Nick Preston built up a beginners group at Cambridge from zero to 45 players, with 20 now attending regularly, within 3 months. Here he shares his tips for successful recruitment with EFA Development Manager Alex Knight.
What did you do?
Get permission / support. The starting point was to ensure the authorities responsible for the courts would allow and support me to hold adult beginner classes. The Sports Centre saw it as a great idea to ensure the courts would be used.
Publicise. I and the University Sports Office produced 1,000 publicity flyers in both A3 and A4 formats [the flyer templates are available from the EFA]. I spent one weekend at the start of September distributing these around all Cambridge sports centres and Rugby/Cricket/Tennis/Golf Clubs, as well as sports physio practices and popular coffee and farm shops. My wife (who works for the University) also arranged for some to be circulated around the University’s 70 Faculties and meeting centres, to be placed on noticeboards, staff rooms and kitchen areas. I also wrote to all the local press.
Arrange taster sessions. I ran initial taster sessions on Saturday mornings for 5 weeks targeted at complete novices. Strong demand has led me to continue with these new beginners, and I have scheduled additional sessions into 2018. Players are encouraged to bring a friend or work colleague along, and there are several groups of friends who play together.
Follow up. Players want to play with others of a similar standard, and there are evening sessions during the week for more experienced players. When the beginners get to the point of arranging a game between themselves during the week, I stagger the groups so they’re turning up on different nights.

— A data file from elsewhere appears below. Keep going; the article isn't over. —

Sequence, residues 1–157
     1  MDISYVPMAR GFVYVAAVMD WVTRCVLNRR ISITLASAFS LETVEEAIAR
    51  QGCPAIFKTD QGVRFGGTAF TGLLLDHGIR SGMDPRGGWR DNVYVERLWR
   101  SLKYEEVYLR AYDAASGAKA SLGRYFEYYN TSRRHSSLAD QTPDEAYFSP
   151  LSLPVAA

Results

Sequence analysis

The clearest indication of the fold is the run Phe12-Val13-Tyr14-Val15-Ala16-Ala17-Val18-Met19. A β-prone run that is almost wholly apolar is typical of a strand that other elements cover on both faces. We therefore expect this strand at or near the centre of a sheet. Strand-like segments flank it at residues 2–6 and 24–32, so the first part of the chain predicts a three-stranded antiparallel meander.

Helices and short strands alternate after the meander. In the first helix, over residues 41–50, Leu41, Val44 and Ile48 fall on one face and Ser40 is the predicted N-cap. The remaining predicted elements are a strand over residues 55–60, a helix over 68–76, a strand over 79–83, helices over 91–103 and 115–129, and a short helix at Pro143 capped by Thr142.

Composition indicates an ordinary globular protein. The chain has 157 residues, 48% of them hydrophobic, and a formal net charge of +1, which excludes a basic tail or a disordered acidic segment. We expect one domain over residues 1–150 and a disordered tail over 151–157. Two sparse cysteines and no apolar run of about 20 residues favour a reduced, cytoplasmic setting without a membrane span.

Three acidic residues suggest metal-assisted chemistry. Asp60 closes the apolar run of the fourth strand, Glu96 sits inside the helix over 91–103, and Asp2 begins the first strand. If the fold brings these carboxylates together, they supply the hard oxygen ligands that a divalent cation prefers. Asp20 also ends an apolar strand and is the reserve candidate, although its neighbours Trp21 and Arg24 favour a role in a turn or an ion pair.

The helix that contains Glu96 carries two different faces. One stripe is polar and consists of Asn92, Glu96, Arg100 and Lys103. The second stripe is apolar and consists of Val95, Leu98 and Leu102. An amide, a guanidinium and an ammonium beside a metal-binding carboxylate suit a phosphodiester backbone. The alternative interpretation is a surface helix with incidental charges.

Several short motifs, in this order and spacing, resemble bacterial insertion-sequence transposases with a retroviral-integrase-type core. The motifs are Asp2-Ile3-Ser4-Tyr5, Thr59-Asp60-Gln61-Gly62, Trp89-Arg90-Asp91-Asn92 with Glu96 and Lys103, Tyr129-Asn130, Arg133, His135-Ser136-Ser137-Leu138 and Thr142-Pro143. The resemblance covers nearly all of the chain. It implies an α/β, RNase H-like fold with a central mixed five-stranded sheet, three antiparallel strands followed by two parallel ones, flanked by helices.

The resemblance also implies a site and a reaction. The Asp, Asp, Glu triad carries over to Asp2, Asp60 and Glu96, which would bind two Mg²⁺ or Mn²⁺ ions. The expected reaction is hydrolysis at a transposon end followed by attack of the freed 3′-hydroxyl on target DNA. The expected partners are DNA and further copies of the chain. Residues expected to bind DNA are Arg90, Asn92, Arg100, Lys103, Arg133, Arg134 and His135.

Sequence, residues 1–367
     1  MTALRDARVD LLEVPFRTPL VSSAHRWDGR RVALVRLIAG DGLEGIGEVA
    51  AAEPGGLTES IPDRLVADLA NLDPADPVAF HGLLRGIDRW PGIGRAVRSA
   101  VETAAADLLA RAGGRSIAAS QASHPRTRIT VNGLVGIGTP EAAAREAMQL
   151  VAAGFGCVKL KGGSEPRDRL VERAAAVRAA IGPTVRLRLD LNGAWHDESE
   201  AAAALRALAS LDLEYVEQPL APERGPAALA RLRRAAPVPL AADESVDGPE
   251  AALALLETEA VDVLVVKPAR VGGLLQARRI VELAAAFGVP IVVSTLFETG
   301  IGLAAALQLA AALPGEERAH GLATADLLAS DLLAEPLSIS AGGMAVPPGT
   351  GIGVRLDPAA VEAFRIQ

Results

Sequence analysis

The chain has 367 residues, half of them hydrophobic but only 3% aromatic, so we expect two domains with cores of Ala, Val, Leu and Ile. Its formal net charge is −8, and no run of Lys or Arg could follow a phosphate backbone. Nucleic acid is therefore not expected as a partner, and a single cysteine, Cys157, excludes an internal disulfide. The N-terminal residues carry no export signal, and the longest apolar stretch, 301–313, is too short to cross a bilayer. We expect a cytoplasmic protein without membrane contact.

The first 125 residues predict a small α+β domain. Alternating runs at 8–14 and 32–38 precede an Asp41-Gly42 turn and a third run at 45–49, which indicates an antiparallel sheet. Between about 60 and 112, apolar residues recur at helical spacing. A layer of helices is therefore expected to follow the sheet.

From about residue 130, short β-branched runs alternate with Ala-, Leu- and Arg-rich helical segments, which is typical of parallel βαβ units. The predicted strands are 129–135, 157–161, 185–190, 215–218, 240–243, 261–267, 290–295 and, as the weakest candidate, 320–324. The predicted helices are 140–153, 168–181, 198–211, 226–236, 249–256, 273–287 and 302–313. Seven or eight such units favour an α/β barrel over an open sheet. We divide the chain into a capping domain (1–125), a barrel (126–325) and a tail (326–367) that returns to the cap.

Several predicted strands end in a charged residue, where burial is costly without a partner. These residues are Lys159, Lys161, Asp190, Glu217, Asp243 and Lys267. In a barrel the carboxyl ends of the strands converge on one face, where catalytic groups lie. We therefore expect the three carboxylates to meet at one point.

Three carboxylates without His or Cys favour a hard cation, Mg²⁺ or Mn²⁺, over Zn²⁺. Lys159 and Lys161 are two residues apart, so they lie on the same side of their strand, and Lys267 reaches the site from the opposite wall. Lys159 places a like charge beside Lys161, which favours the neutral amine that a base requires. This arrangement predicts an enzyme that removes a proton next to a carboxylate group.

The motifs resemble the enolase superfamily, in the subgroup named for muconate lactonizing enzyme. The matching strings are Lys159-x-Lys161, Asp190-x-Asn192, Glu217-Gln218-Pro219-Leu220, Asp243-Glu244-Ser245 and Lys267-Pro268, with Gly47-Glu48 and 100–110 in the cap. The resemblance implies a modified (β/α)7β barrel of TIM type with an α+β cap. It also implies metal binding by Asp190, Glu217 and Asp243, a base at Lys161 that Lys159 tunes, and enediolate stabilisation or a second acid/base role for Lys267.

How much time did it take?
I spent at least one full Saturday just going around from place to place and asking permission to leave 20 flyers to be circulated on a stand or whatever. I did the same one Sunday morning.
Where did your players come from?
A variety of places, including groups of Vets and Astronomers (their Faculties are located close to the courts), as well as several university staff and some from the Badminton Club.
What about costs?
I’ve ignored the costs for the moment – everyone has free fives. It costs £1, but they may or may not be paying that. The idea is to get people playing first and then to ask them to pay for it once they are attending regularly.
What’s the secret to your success?
You get out what you put in, and persistence is crucial. The sports centre was important, because they have so many members doing different things – a captive audience on the doorstep!
Also, you need to aim high. I was a bit disappointed when only 5 people showed up initially, but was assured that many established clubs don’t have many more than this! Like a local tennis club, I think we should be aiming for at least 100 in the club, with 20 regulars, which allows you to play with people of your standard.